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Legal aid group Bet Tzedek graduates to new headquarters

Bet Tzedek, which offers free legal services to Jews and non-Jews alike, leaves Los Angeles' Fairfax district for new digs in a more central location: Koreatown.

September 09, 2012|By Nita Lelyveld, Los Angeles Times
  • Directing Attorney Grant Specht has a nice view from his corner office at Bet Tzedek's new headquarters in Koreatown, a block from the Wilshire/Vermont Metro rail station. The building’s owner gave Bet Tzedek a break on rent.
Directing Attorney Grant Specht has a nice view from his corner office at… (Christina House, For the…)

Nearly four decades ago, 18 friends came together to offer free legal services in Los Angeles' Fairfax district.

They were lawyers and legal secretaries and law students and social workers, and they found themselves a storefront on Fairfax Avenue.

Each month, they chipped in $5 apiece, which was enough to cover rent, electricity and phones. No one got paid a dime. All volunteered time.

Theirs was a tiny operation with a name huge with hope: Bet Tzedek, which in Hebrew means House of Justice.

"That's how we started this place, on a dream," Stan Levy, one of Bet Tzedek's founders, said last month as he paid a visit to the organization's new offices, where staff members were unpacking boxes.

Levy is a lawyer at Manatt, Phelps & Phillips, a member of the Bet Tzedek board and a rabbi. He came to hang a mezuza, a miniature scroll inscribed with verses from the Torah, in its traditional place in a Jewish home or place of business: on the right-hand side of the doorway.

A group gathered as he said a blessing and wielded a yellow-handled screwdriver to secure the scroll's silver case to the jamb. The moment marked a major milestone in Bet Tzedek's history.

For 38 years, Bet Tzedek's headquarters could be found on Fairfax Avenue, across from the original Farmers Market. Late last month it packed up and headed to Koreatown, taking possession of nearly two full floors high in a Wilshire Boulevard tower.

The move was acknowledgment of just how far Bet Tzedek's reach has grown, and thus of its need for a more central location. The new building is near courthouses and some of the law schools and downtown law offices that regularly provide volunteer help. It is also on major bus routes and a block from the Wilshire/Vermont Metro rail station.

"It's a wonderful location for our clients," said Elissa Barrett, Bet Tzedek's vice president and general counsel. "It makes it so much easier for a lot of low-income people to get to us."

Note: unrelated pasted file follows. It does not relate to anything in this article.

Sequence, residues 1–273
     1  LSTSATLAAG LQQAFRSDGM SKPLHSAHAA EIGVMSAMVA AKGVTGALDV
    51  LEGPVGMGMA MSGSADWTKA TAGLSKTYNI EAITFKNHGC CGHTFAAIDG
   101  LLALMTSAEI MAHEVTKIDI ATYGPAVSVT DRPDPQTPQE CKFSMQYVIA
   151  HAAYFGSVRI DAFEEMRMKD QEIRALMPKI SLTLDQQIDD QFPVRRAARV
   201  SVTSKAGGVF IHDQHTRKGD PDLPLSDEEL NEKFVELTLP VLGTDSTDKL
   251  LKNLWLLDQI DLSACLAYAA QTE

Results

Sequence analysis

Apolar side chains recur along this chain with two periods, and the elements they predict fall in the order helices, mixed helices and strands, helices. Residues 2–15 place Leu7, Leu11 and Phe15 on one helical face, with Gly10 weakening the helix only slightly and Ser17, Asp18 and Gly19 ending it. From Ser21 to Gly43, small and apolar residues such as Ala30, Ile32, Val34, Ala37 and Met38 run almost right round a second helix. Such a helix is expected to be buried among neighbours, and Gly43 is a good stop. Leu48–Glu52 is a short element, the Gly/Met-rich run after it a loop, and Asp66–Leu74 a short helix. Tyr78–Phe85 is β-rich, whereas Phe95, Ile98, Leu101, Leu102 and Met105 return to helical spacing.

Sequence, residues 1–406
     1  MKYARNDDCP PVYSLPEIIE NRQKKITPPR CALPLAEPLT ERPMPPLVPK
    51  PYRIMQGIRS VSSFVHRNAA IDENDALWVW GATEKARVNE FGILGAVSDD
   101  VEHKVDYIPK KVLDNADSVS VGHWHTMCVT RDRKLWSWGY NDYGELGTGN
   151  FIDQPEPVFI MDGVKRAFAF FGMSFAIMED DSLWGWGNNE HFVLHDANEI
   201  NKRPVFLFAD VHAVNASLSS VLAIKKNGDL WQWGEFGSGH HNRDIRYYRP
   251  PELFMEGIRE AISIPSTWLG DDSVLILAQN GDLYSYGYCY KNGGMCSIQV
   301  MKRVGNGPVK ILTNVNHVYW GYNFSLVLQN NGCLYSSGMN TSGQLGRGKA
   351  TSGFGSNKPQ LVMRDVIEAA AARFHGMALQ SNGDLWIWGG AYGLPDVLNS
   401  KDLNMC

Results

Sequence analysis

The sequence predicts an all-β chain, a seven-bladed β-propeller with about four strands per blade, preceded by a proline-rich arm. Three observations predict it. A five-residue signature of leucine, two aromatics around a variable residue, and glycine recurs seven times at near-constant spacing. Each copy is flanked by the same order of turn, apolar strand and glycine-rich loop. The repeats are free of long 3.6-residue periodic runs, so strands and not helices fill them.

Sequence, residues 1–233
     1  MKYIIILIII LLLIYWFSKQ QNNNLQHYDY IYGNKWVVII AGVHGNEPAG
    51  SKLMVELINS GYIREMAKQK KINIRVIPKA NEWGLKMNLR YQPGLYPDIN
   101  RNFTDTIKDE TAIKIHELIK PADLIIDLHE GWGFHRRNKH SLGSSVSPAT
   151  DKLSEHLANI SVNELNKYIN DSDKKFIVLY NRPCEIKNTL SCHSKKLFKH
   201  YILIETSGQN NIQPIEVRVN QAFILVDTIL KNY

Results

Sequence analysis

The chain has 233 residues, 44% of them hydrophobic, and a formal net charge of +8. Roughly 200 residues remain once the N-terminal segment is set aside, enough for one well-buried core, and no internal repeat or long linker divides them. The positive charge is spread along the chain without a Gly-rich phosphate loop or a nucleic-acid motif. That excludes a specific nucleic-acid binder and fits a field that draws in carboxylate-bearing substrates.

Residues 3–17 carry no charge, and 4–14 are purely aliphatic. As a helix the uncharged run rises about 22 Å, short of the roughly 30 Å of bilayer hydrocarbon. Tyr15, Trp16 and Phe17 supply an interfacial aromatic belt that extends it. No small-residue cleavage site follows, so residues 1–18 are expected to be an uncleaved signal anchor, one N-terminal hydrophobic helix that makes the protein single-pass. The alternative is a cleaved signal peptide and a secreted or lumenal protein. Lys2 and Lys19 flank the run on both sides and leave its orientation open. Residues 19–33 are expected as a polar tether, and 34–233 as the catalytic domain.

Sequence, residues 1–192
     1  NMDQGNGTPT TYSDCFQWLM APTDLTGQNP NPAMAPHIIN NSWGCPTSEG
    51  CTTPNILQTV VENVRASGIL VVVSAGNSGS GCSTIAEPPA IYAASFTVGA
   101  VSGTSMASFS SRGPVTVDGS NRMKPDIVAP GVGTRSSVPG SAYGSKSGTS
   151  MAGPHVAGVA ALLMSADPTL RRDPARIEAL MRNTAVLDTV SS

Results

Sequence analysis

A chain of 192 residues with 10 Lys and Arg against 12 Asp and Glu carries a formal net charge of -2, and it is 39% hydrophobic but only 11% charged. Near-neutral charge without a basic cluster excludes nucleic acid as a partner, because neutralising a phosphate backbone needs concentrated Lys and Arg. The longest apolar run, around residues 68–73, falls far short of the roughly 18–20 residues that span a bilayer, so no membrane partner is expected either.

The space was made possible by David Wilstein, the building's owner and a philanthropist, who gave the organization a break on rent.

In its earliest days, Bet Tzedek was open one afternoon and evening a week and one Sunday a month and mostly served the Fairfax district's elderly Jewish residents. Bet Tzedek volunteers fought scammers and unscrupulous landlords, and they helped many Holocaust survivors wade through red tape to get wartime reparations.

Then others in need arrived from other neighborhoods, and Bet Tzedek helped them, too, bringing in people to speak to clients in a growing number of languages, including Spanish and Russian and Thai.

Over time, Bet Tzedek grew. It expanded its areas of expertise. It took on workers' rights and debtors' rights. It helped people fight for their government benefits and stay in their homes and protect their elderly or otherwise vulnerable family members.

It opened a Valley office, did outreach at senior centers and food pantries and set up self-help legal clinics in local courthouses.

As the years passed, both Bet Tzedek and the Fairfax district began to change demographically, said Sandy Samuels, the chief executive. The organization, which is supported by public and private funds, remains committed to helping Jewish people — but the vast majority of those it now serves are not Jewish.

The new offices offer sweeping views of the wide span across which Bet Tzedek now helps more than 15,000 low-income people a year.

Views of any kind are new to some Bet Tzedek staff members, who were squished into odd corners as the staff grew faster than office space.

Jacqueline Scahill's old office had a nickname: the dungeon. In a previous life, it had been a closet.

It fit only her desk, her chair and a small filing cabinet. Her back faced the door. She had no window.

Now the development coordinator has room to pace and views of the Hollywood sign, the Capitol Records building and the Getty Center.

One day, she thinks, she might even see the ocean. But it hasn't been clear enough yet to tell.

nita.lelyveld@latimes.com

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